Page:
Nor should we ignore the good things that are continually happening. In my lifetime, advances in hygiene and medicine have reduced the burden of disease and immensely increased life expectancy. And global development has lifted hundreds of millions of people across the world out of crushing poverty. We should see these as signs of hope, signs that God’s kingdom of peace and justice is growing.

I think today’s readings teach us much that is important about our Christian duty to contribute to the growth of the kingdom. And if we respond to them as we should, perhaps it will allay some of our fears.

In the Gospel, Mark (7:24-37) tells us two stories about Jesus ministering to foreign strangers.
Jesus has left the Jewish homelands to travel on a circuitous route through Gentile country in the regions of Tyre, Sidon and the Decapolis. We are told he did not want anyone to know he was there, so perhaps he was taking a holiday from ministry, but news of his presence got out.

In the first story, a Greek-speaking Syrophoenician woman with a sick daughter hears about him and comes to beg him to cure her daughter.
Jesus says to her, ‘Let the children be fed first, for it is not fair to take the children’s food and throw it to the dogs.’ She boldly and wittily answers, ‘Sir, even the dogs under the table eat the children’s crumbs.’ And Jesus tells her that because of what she has said, her daughter has been healed.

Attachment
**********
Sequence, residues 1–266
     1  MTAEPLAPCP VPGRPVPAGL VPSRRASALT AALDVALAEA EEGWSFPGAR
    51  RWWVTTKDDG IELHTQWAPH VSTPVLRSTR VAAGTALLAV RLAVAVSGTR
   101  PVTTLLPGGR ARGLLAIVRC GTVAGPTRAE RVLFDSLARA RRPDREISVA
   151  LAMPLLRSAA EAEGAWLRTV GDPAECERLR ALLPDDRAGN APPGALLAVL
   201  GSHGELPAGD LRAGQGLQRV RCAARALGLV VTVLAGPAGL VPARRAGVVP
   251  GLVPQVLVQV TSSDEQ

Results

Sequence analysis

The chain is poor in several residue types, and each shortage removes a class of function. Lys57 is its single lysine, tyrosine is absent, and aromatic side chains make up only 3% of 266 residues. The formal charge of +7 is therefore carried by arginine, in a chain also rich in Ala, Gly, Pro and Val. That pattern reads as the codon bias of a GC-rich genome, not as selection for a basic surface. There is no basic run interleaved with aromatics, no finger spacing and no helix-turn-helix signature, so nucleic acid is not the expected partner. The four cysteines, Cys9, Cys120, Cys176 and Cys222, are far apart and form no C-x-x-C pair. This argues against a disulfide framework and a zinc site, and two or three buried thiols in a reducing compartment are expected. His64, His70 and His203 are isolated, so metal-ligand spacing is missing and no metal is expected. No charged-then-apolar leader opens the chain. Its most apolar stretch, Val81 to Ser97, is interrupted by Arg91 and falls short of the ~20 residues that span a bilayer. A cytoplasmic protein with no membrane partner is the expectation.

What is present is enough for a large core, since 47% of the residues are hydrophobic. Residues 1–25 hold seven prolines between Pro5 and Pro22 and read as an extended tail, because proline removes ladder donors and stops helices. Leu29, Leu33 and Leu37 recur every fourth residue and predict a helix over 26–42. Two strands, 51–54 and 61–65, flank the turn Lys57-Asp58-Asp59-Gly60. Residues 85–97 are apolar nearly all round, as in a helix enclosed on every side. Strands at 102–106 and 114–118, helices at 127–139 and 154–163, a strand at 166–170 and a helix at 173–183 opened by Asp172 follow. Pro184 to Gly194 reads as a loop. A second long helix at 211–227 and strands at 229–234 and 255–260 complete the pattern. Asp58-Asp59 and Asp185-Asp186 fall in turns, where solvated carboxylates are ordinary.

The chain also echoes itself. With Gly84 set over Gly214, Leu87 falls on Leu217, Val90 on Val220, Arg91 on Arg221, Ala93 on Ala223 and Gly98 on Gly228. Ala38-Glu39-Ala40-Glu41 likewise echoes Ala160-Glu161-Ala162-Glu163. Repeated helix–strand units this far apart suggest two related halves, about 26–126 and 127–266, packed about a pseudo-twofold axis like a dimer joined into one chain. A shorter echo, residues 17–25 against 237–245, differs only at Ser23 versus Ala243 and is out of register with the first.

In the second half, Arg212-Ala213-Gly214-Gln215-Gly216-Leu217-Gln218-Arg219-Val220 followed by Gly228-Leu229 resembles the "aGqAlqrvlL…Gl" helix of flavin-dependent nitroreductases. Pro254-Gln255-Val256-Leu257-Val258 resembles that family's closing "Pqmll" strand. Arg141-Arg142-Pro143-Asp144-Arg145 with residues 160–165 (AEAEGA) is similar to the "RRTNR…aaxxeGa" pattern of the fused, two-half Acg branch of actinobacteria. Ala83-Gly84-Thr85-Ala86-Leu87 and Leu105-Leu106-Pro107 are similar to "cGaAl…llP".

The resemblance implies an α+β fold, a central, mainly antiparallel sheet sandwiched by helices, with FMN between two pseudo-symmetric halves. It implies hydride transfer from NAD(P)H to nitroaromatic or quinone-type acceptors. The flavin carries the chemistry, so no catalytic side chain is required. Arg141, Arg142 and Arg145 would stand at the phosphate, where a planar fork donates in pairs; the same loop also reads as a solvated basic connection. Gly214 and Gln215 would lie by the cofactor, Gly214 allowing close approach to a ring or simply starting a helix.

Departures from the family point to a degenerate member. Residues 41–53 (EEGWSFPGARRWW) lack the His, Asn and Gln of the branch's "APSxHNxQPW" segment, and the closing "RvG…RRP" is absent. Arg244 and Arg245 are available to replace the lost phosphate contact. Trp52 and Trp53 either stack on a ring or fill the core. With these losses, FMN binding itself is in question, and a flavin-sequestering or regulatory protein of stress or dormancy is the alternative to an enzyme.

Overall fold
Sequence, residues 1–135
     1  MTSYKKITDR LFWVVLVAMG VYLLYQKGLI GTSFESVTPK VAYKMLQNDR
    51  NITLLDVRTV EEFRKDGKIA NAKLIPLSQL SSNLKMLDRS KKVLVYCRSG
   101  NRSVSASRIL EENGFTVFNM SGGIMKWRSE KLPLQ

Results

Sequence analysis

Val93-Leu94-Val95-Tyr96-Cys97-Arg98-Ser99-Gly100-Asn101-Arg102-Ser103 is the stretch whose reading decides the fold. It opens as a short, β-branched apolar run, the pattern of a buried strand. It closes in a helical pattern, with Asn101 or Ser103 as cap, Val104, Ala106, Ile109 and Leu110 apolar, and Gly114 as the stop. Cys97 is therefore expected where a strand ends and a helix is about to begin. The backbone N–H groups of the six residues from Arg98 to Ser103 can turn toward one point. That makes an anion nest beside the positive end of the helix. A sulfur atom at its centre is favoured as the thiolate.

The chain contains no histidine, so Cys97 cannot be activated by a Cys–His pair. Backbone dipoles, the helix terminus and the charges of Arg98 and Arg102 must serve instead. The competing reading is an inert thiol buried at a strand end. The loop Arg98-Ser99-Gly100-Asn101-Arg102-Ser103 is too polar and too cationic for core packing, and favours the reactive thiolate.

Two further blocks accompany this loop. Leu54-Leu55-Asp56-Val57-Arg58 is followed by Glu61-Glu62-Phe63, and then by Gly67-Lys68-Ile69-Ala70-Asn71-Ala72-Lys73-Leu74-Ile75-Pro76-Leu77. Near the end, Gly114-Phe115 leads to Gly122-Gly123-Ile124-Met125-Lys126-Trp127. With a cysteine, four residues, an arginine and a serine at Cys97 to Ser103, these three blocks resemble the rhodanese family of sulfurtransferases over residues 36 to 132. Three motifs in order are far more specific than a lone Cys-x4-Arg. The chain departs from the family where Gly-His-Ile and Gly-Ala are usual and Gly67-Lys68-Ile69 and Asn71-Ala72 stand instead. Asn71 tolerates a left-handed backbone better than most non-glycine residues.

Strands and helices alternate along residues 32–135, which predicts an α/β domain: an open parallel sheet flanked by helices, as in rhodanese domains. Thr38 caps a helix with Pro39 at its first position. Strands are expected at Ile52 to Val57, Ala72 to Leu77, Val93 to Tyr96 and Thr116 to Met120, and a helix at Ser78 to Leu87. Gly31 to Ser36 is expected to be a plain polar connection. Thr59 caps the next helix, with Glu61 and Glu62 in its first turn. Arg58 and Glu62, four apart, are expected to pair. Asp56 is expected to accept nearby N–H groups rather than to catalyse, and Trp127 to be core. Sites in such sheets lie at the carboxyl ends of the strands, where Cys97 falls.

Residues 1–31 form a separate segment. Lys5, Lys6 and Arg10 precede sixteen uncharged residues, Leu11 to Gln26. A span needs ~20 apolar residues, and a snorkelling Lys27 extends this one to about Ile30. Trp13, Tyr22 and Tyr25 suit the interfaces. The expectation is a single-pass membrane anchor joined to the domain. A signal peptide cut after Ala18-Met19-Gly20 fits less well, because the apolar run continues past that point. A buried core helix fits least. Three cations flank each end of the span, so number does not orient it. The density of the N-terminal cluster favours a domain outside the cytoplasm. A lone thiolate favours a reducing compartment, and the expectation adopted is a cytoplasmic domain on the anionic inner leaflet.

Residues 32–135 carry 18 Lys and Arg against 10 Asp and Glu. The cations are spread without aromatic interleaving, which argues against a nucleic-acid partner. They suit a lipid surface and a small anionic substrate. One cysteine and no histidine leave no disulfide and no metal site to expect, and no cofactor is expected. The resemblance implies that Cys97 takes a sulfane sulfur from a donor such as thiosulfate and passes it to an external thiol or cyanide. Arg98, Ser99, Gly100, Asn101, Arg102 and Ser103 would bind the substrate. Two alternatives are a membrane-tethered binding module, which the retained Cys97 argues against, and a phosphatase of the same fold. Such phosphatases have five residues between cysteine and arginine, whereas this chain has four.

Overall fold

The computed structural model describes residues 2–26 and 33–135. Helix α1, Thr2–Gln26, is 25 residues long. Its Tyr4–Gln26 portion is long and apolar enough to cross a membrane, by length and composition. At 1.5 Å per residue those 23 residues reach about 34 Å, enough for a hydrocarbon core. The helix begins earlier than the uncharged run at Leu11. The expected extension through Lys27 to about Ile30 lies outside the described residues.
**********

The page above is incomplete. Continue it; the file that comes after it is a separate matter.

I ask myself, is this the moment when Jesus realises that his ministry is not just to Jews, but to people of all races and faiths? We believe that he is fully human as well as fully divine – in his humanity we can believe that his understanding of his own significance and mission developed over time.

Do Jesus’s words sound like a rude and crushing response to you? Some have seen his words that way - the children would be understood as the Jews, the children of Israel, and the dogs as gentiles like her. But I cannot believe Jesus was being rude or crushing – it would not be like him.

What I think was going on is this. A pious Jewish religious leader at that time would avoid contact of any kind with a Gentile woman to maintain his ritual cleanliness. But Jesus is different, he is intrigued, and he engages with her, no doubt with a twinkle in his eye and a friendly tone of voice. I think his words were to the effect that, ‘Look, I’m a foreign Jewish Rabbi and I’m on holiday – do you really want my help?’ In the woman’s witty reply, the word translated as ‘Sir’ is the Greek ‘Kyrie’, meaning Lord. She is acknowledging Jesus’s status and insists that she believes he can help. And that is what he does.

In the second story, the friends of a deaf-and-dumb man bring him to Jesus to be healed.
Jesus ‘took him aside in private, away from the crowd, and put his fingers into his ears, and he spat and touched his tongue’. Then Jesus looked up to heaven and prayed over him, and the man was healed.

Notice how sensitive Jesus is to the circumstances and needs of the deaf-and-dumb man. The deaf man could not have known what was being said, and perhaps he was frightened by being the centre of attention in a crowd. So Jesus treats him in private, and Jesus uses mime to let him know what is going on.